• Outpatient rehabilitation, which is similar to inpatient treatment but you do not reside on campus
  • Halfway or sober living homes where you reside with other recovering alcoholics
  • Counseling and therapy, which is utilized in inpatient and outpatient treatment as well as after graduation from any treatment center
  • Support groups for alcoholics such as 12-step fellowship meetings like Alcoholics Anonymous (AA)
  • Medical treatment for any illnesses acquired during your alcohol abuse

Typically, alcoholics seeking treatment will use detox as a first step within their recovery process. In detox, alcoholics will be medically supervised 24/7 while they undergo withdrawal. After the withdrawal process is completed, patients will either opt for inpatient or outpatient treatment. Patients who want to go through the most extensive care will first receive inpatient treatment and then go to an outpatient treatment center after completion. Inpatient and outpatient treatment both offer individual therapy, group therapy, and the learning of vital coping skills. The difference is that once someone begins inpatient treatment they reside on-site, whereas outpatient clients will reside at their own homes and go to the treatment center for therapy and groups.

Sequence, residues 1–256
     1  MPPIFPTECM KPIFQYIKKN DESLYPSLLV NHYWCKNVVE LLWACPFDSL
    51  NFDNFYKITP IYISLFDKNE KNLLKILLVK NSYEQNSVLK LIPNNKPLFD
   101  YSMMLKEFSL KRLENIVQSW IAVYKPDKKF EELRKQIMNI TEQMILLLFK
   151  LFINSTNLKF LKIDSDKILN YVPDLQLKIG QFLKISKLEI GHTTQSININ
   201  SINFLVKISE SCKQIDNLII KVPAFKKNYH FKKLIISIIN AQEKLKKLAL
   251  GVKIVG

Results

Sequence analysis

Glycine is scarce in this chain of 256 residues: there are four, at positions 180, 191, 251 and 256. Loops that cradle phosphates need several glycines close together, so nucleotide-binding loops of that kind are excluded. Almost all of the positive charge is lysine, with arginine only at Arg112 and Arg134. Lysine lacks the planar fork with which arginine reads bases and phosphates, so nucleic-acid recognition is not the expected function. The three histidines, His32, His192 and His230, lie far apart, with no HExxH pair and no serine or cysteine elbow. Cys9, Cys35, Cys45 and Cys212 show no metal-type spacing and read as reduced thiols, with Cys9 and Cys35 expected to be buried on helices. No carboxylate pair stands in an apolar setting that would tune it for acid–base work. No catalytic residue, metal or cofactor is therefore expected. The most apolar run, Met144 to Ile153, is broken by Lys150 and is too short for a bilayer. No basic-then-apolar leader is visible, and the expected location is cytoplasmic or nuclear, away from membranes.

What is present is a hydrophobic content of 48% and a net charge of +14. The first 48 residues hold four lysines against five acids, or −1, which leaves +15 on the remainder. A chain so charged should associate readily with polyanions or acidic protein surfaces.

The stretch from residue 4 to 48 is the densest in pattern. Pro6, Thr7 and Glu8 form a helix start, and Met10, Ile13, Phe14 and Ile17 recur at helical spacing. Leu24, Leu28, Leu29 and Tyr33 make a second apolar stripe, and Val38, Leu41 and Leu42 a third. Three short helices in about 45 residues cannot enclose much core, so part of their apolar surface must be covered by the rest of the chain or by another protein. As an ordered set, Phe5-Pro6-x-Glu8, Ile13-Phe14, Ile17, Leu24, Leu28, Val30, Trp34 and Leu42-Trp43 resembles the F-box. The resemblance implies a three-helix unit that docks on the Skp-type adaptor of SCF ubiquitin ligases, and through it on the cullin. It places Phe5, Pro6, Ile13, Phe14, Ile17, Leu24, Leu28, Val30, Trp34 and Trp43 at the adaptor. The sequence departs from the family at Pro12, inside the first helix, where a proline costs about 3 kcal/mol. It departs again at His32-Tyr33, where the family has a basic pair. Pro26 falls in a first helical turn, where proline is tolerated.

After the completion of detox, inpatient treatment, and/or outpatient treatment, a recovering alcoholic can decide to go to a halfway or sober living home. Sober living or halfway homes are residences where recovering alcoholics live together, continue to learn vital coping mechanisms, attend support groups, and learn how to become reacclimated living in society. Whichever method or treatment plan you choose, you have the opportunity to begin a new life free from the bondage of alcoholism. The constant cycle of alcohol abuse can become tiring, lonely, and begin to make you feel hopeless. Allowing professionals to help you win the fight against alcoholism can and will save your life.

Author Bio:

Maya Keller is a writer for Agape Treatment Center, a drug and alcohol treatment center located in South Florida. She is passionate about spreading awareness in regards to addiction, mental health, and childhood trauma. In her free time, she enjoys making art.